This tram took us up the hill to Heidelberg Castle, I was hoping for an antique train chugging up the hillside,complete with beautiful views of the valley and the rattle and sway of a real train ride.  Instead this was more like an elevator for 80 people: fast, efficient and quiet.

Inside the castle walls if you need something to eat or drink.

One of the kings commissioned this arch and had it erected overnight to surprise his wife on the morning of her birthday.

At one time the moat had bears in it, but they were eventually replaced with deer.

Little houses on the slope near the castle's walls.

A view from the castle.  We visted the church on the right.  Johanna and Nicole climbed to the top of the tower and Sam climbed most of the way.

The castle is immense!

A model of the castle we saw on the tour we took.

Follow the tour guide!

Really really big wine barrel.

And then there is one even bigger!

Really, really big knife.

Church of the Holy Spirit.  Free admission, but it costs to climb to the top of the tower.I paid
for the kids to go up. 
People in Heidelberg are under the impression this is what a horse looks like.

Bicycle parking at the train station. It's blurry but in my defence I was trying to avoid being run down by 3 under - 8 year old cyclists.

November 16 Speyer, Technik Museum, Basilica and DBahn from Speyer to Frankfurt

Everywhere we go, we go to the local "Science and Technology" Museum (London, Thessoloniki, Ankara, Istanbul) and I never want to go and I ALWAYS love it!  So many extraordinary things to see.  This museum was no exception.  I loved their Space building and also the building with all the models.  Sam and I were travelling buddies this day, so he's in most of my photos. The girls walked on the wing of a Lufthansa jumbo jet.  Thankfully, I wasn't around to see it!

Cam looking at the displays inside one of the buildings.

Sam having a look inside a helicopter.

Sometimes really big planes also have double decker crew areas.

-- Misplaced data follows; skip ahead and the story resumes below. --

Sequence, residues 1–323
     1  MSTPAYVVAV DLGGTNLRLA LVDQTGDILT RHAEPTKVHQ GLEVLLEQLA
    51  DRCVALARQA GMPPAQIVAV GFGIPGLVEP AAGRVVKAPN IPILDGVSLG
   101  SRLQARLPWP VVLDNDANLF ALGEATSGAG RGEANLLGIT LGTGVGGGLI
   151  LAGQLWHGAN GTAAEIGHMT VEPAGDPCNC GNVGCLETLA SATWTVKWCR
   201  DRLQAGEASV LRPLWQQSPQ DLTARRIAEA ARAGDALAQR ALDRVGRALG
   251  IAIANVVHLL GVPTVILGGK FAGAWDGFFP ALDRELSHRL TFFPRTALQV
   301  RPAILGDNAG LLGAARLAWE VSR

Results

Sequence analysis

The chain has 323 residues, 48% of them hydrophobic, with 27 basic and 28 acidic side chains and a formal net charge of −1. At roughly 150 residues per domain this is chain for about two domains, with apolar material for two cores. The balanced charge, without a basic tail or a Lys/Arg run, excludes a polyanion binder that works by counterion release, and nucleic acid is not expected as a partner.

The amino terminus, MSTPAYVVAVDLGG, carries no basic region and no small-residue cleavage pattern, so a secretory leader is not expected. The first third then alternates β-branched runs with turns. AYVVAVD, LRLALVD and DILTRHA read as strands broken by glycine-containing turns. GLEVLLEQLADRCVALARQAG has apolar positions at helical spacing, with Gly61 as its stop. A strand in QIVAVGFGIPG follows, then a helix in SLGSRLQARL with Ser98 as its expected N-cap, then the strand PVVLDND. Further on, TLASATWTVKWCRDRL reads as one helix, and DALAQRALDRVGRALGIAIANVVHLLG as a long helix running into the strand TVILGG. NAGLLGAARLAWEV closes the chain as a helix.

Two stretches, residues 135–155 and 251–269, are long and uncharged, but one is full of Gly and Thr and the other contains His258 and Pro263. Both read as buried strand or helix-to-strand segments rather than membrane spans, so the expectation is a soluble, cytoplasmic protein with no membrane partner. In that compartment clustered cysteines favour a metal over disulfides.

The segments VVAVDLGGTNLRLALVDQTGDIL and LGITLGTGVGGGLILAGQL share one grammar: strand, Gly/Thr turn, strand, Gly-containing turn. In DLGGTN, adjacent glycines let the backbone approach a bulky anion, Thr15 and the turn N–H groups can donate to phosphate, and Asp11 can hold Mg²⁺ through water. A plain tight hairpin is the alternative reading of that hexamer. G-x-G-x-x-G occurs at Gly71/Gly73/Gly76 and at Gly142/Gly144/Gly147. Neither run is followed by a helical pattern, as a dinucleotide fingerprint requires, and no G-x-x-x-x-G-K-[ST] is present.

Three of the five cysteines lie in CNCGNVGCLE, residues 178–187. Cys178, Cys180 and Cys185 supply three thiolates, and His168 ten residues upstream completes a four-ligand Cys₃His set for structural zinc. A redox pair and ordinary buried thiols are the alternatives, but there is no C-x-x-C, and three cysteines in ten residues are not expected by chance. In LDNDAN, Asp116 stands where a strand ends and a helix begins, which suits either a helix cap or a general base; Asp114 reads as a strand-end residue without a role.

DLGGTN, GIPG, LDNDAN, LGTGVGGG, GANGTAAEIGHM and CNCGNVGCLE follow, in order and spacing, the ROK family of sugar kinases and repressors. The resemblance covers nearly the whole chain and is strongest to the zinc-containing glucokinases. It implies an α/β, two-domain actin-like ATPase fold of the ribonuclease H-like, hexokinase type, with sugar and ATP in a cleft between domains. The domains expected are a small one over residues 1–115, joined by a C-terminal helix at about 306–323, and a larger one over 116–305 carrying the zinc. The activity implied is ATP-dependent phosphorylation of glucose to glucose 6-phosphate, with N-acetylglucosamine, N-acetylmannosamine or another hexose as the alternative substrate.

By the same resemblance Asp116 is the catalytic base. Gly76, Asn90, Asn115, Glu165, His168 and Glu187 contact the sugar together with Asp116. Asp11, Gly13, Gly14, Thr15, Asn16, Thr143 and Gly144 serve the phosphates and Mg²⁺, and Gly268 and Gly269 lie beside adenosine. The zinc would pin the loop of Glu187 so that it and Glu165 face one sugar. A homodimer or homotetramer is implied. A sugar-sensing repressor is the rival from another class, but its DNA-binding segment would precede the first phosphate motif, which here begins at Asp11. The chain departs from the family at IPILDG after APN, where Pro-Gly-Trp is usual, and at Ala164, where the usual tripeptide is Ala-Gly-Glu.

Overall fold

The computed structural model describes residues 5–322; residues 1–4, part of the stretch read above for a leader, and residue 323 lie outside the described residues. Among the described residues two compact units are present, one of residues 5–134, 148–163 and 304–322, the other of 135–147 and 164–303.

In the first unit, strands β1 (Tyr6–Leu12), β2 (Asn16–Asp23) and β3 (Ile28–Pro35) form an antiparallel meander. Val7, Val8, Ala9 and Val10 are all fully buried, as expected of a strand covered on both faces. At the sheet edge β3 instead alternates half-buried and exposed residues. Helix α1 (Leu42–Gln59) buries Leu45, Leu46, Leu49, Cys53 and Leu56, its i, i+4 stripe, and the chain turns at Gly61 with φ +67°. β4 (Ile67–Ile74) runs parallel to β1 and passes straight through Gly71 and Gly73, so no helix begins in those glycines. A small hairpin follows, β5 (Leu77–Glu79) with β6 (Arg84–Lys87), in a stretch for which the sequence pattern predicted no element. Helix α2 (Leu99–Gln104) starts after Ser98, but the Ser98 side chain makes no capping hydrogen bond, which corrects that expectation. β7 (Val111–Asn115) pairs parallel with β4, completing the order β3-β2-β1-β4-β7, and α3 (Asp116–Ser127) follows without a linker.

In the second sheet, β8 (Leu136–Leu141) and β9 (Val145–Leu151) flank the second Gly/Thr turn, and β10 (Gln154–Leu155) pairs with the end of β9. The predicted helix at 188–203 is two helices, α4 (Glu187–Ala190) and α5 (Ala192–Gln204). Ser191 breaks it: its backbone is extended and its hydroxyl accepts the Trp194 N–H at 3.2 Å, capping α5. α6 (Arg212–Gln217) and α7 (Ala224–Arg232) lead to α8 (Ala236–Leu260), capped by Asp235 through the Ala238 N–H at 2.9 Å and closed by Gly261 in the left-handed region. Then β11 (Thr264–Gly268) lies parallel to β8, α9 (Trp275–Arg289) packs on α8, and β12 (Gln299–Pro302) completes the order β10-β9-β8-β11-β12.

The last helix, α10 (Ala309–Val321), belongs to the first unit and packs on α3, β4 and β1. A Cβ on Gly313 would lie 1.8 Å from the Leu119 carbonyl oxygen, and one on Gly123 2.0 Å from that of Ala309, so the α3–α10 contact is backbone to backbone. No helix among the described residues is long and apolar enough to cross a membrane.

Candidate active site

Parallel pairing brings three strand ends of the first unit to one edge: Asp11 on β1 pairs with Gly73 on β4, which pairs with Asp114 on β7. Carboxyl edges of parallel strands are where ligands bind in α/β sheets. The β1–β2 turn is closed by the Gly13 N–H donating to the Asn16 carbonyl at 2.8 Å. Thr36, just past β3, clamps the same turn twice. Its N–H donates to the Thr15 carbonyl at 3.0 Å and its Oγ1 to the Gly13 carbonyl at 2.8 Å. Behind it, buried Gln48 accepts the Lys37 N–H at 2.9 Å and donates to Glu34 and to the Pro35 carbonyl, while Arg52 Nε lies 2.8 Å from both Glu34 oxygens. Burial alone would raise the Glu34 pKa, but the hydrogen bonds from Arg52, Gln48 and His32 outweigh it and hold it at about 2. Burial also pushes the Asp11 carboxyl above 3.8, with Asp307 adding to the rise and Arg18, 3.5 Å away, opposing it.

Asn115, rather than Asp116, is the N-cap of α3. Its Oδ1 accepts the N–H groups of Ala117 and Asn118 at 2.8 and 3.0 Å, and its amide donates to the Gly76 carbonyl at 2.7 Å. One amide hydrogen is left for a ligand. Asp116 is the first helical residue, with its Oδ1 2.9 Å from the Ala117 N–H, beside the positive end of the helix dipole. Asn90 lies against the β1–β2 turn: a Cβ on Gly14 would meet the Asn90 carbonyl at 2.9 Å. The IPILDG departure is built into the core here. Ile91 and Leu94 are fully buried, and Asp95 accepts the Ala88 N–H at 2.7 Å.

Plane for transporting really big cargo! (Antonov 22)

The Speyer Basilica in the background. Amazing to have these two sights within walking distance of one another.

Sam and a Submarine.

Johanna on the catwalk after standing in the space shuttle.

Moon Rock

Russian Space Shuttle! 
Sam in front of a section of the Berlin Wall
After the morning at the Technik Museum, we stopped for lunch at a Chinese Buffet, where of course the owner spoke, German, Mandarin/Cantonese (sorry I don't know the difference) and English.  We had a good meal, something to drink and most importantly about an hour off our feet.  When the time came to leave, Sam and Cam headed for the hotel and the girls and I walked to The Speyer Cathedral, also known as the Imperial Cathedral Basilica of the Assumption and St. Stephen. 

The church opened in 1106.

There are paintings over the arches.  Nicole's grade 10 Social Studies came in handy. She was able to tell us about one of the scenes which was unfamiliar.

In the crypt are burials German kings and Holy Roman Emperors.

Johanna in the depths.

One of a two altars in the crypt.

The very impressive front door.

The ceiling in the entry way, with a glass portal which shows off the interior beyond.

The huge front door in this photo is dwarfed by the exterior of the church.

At my feet was a shell in the pavement, identifying this church as part of  the "The Way", a Christian pilgrimage route in Europe.

November 17 Frankfurt to Istanbul to Saros

It wasn't much of a holiday.  We barely had time each day to catch our breath, but we saw a lot of different things. Everyone came home exhausted and footsore.  It was a nice way to reconnect with Johanna, though and we've got some lovely memories.